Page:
• Establish a Public Inquiry into Democracy, with powers of a Royal Commission, to engage Canadians from coast to coast and address anti-democratic trends within Canada:
    • 1. The growing and unhealthy power of the Prime Minister’s Office;
    • 2. The lack of scope for independent action of individual MPs;
    • 3. The use of prorogation to avoid political embarrassment, in violation of Parliamentary practice and tradition;
    • 4. The abuse by the Senate of its role of “sober, second thought” in voting down bills approved by the House, as in the case in November of 2010 in their defeat without debate of Bill C-311 (the Climate Change Accountability Act);
    • 5. The inequity of the current voting system with a view to replacing it with a system based on proportional representation
    • 6. The recommendations of the Public Inquiry will be presented as options to Canadian voters.
  • Adhere to fixed election dates permitting political stability and fair elections.
  • Reduce the mandatory $1,000 candidate deposit to encourage more Canadians to participate in the democratic system.

Its difficult to find an official position of the CPC on Proportional Voting, we have seen what their idea of Electoral Reform is in the (un) Fair Election Act that was jammed through with minimal debate and only modified somewhat by intense public pressure. Nowhere in this document that I can see is there any commitment to study or move towards a different means of selecting those sitting in the House. In 1997 when in a minority position an essay penned by Stephen Harper and Tom Flanagan extolled the virtues of both proportional voting systems and coalition governments however once brought to power by the FPTP we have heard nothing of this, its not that they don’t know there is a better way its just that it is not currently to their political advantage to promote it at this time.

Only in politics do we still entrust power to a single faction expected to prevail every time over the opposition by sheer force of numbers. Even more anachronistically, we persist in structuring the governing team like a military regiment under a single commander with almost total power to appoint, discipline and expel subordinates.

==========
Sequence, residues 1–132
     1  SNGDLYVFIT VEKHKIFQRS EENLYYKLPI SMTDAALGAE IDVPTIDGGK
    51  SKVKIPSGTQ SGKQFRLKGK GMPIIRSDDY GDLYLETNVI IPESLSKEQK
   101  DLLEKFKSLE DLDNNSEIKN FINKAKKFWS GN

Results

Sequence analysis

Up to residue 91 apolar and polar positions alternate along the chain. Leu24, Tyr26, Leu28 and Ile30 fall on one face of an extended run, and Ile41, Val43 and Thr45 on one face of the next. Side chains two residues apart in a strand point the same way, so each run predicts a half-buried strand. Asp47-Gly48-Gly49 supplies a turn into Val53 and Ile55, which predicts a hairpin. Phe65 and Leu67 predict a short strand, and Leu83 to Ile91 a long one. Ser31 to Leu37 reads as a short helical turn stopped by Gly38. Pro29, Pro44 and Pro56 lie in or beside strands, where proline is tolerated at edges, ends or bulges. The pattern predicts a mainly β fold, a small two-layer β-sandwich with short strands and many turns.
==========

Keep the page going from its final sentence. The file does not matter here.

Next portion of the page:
Among major democracies, only Great Britain so ruthlessly concentrates power. .......In most of the rest of Europe, proportional representation ensures that coalition governments routinely form cabinets.
Many of Canada’s problems stem from a winner-take-all style of politics that allows governments in Ottawa to impose measures abhorred by large areas of the country. ..........Modernizing Canadian politics would not only be good for conservatism, it might be the key to Canada’s survival as a nation.

In New Zealand, which used to have a Canadian-style system of concentrated power, the voters rebelled against alternating Labour party and National party dictatorships: electoral reform now ensures coalition cabinets.

To sum it up they all at some time or another have been in flavor of electoral and or parliamentary reform but once in power it seems to fall by the wayside, will future leaders follow up upon their promises and will that lead to modernization of our voting and parliamentary systems remains to be seen. Support Democracy - Recommend this Post at Progressive Bloggers


Owen Gray said...

The real test, Rural, isn't the promises they make about electoral reform, but what they do when in power.

They have to get there by using the old system.

Rural said...

Exactly Owen, Will any party elected under the FPTP system actually support reform once elected and will we be able to actually get someone who 'promises' to bring in change elected with the current system.

Gyor said...

Tom Mulcair has promised not just mixed member porportional representation, but that there would be no referundum if he won, he'd just do it, that his election into government would be his mandate to do so.

Rural said...

Thanks Gyor, can you provide a link to further info on that?

Ron Waller said...
This comment has been removed by the author.
Rural said...

Whilst you make several good points Ron, you seem to have no respect for others that support a different path to electoral reform. Until and unless we can find a reasonable middle ground AND a party in power prepared to move forward with some kind of reform we are doomed to just continue discussing the options adfinitum.